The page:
The final resting place of a Royal Air Force (RAF) Wellington Bomber wireless operator from Norfolk has been recognised after his grave was identified almost 75 years after his aircraft was shot down.
At a service on 16 June in Schiermonnikoog Cemetery, The Netherlands, the grave of Sgt James Bent was rededicated in his name during a moving service attended by surviving members of his family. The service, led by RAF Reverend, Sqn Ldr Dawn Colley, accompanied by a trumpeter of the band of the RAF regiment, was organised by the MOD’s Joint Casualty and Compassionate Centre, part of Defence Business Services, with a new headstone bearing Sgt Bents name and a personal inscription from his family, provided by The Commonwealth War Graves Commission (CWGC).
A former salesman, James Bent enlisted in the RAF on 10 April 1940 to commence training as a wireless operator. He was posted to 115 squadron on 30 May 1941. Just 5 weeks later, on the evening of the 6 July 1941, 47 Wellington Bombers set out on a bombing raid to Munster in Germany. Wellington R1063 was detailed to be part of the raid and took off from RAF Marham at 11.26pm with Sgt Bent, age just 23, manning the aircraft’s radio. The aircraft crashed into the North Sea with the loss of all crew after being shot down on its way to the raid by a German night fighter piloted by Oberleutenant Helmut Woltersdorf. Although Sgt Bent was able to send a SOS message, the subsequent air and sea search failed to locate the crew.
James Bent was one of 7 children, born on 16 November 1917 to Charles and Zilpha Bent. At the time of James’s service in the RAF, they lived on the flight path for RAF Marham in Norfolk and all of the crew regularly assembled at James’ home, calling Zilpha ‘Mother’. He was close to his family and his sister, Margaret, used to play cards with the crew to earn some extra pocket money.
They regularly counted the aircraft coming in and out of Marham, especially if they knew James was flying, and on the night James died, they called the base early in the morning, knowing that some of the planes had not returned.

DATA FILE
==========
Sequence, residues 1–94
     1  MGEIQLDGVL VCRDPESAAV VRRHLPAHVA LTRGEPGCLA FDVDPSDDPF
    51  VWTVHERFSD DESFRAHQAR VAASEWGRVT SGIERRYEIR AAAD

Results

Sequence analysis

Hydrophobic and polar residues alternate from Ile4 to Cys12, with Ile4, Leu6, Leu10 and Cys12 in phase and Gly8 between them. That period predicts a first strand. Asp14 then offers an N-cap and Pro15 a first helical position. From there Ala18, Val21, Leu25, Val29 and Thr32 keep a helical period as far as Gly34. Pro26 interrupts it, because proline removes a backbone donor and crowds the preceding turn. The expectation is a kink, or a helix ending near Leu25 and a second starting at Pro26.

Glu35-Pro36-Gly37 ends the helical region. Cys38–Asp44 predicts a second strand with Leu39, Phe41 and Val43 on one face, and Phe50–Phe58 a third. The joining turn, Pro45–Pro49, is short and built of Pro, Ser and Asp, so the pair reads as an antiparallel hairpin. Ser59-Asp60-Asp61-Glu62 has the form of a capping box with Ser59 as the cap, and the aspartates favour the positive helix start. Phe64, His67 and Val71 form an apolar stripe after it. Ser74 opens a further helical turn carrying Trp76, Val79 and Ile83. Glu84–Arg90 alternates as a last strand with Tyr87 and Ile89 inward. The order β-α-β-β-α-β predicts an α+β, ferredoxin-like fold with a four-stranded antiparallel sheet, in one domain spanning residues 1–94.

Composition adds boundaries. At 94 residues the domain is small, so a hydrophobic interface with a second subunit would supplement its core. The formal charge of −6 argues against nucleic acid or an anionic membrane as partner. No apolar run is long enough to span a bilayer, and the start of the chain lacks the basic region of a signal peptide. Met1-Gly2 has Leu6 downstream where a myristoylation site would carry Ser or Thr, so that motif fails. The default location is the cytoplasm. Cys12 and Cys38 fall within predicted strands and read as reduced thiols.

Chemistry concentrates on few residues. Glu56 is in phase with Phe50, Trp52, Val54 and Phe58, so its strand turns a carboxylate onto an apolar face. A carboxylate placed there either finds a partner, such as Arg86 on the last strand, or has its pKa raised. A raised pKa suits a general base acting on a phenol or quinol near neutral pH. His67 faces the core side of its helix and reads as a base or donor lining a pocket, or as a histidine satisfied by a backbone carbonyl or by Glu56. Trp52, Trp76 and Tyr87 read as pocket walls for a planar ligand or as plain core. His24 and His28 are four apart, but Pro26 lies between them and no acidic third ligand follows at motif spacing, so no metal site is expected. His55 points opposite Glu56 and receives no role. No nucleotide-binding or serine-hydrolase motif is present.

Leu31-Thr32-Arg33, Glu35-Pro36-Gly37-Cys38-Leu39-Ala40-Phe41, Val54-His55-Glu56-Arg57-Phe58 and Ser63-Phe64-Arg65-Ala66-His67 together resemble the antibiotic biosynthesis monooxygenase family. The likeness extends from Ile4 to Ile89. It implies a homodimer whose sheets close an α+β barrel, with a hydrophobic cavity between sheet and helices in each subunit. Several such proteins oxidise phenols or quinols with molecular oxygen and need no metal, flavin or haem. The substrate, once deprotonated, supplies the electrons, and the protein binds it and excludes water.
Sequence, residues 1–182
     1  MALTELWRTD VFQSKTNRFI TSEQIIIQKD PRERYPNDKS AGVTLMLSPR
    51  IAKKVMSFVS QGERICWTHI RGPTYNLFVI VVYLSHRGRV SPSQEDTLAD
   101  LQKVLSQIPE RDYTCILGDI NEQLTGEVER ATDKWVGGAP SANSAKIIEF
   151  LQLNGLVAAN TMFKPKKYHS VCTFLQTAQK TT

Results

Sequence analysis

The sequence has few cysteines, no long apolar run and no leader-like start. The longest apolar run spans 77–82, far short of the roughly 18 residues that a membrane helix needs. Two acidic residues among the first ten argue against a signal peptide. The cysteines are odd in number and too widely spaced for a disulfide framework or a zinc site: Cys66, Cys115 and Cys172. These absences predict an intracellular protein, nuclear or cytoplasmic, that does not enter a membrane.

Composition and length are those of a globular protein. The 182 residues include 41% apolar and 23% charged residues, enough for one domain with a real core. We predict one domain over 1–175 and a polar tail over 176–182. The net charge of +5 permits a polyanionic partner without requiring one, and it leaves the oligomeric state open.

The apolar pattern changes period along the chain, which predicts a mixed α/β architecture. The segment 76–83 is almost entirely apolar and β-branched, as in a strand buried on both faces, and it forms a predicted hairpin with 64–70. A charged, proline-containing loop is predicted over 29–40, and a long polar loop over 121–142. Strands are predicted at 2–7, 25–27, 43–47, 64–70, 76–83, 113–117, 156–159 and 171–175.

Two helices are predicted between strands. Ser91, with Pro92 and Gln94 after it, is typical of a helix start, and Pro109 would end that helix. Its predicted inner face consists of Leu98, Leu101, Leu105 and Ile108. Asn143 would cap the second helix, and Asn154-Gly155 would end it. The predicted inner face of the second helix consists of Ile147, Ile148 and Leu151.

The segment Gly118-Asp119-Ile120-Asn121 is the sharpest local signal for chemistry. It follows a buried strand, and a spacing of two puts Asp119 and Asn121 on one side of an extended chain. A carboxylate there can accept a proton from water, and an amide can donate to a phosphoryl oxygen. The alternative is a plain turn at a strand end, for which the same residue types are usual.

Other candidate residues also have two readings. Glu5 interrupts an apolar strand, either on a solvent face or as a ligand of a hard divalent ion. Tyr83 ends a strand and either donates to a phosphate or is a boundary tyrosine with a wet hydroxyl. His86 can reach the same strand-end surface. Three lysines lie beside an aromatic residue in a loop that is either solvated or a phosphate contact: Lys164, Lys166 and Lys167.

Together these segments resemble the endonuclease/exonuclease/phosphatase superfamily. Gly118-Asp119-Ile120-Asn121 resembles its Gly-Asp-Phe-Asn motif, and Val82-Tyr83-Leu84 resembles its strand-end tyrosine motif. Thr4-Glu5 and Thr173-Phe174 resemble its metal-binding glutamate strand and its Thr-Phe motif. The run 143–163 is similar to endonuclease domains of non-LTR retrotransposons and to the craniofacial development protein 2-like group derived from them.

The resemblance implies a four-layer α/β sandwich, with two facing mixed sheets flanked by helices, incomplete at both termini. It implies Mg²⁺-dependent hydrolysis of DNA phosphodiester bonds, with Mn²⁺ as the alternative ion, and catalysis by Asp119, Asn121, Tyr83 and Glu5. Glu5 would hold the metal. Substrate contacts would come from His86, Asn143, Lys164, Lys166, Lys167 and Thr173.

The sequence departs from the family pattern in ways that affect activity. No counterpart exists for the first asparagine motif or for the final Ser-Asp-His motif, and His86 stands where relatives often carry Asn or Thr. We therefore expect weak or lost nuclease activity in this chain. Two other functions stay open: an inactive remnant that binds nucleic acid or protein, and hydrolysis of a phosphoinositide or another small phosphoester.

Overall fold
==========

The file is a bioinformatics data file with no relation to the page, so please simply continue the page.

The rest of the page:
Initially posted as missing, it wasn’t until early August 1941 that the fate of Wellington R1063 was confirmed when the remains of three crew members were washed ashore on the Netherlands Frisian Islands.
All 3 sets of remains were later interred at Schiermonnikoog CWGC Cemetery. It was possible to identify 2 as crew members Sgt O. A. Matthews and Sgt W. A. Strachan, but it wasn’t possible to confirm whether the third was that of Sgt James Bent or Sgt C. S. R. Edwards (RCAF), Wellington R1063’s rear gunner. As a result, the third grave was marked as ‘Known Unto God’ and Sgt Bent’s name was included on the CWGC Air Forces Memorial to the Missing at Runnymede.
As a result of evidence recently submitted by Laurel Clegg, an anthropologist working for the Canadian Directorate of History and Heritage, the MOD’s Air Historical Branch has now confirmed that the unidentified remains are in fact those of Sgt James W Bent.
MOD’s Joint Casualty and Compassionate Centre has been able to trace Sgt Bent’s Niece, Mary Cox from Kings Lynn, her husband Julian and their grandson (Sgt Bent’s Great Great Nephew) 12 year old Teddy, who all travelled to the Netherlands today. At the service, Teddy joined Rev Colley and read part of the Kohima Epitaph, watched by his grandparents and those assembled at the graveside.
Mary Cox said:
It is such a relief that we have located Uncle Jim’s body at long last. We thank God that he is resting in peace in such a beautiful location together with the other members of his crew.
The family were joined by over 70 people including representatives from the MOD, CWGC, the British Embassy, local dignitaries, school children and members of the close knit local community.
Nicola Nash who led the organisation of today’s rededication for the Joint Casualty and Compassionate Centre said:
This has been an interesting case to work on and we are pleased to have been able to dedicate Sgt Bent’s final resting place and pay tribute to the sacrifice he made.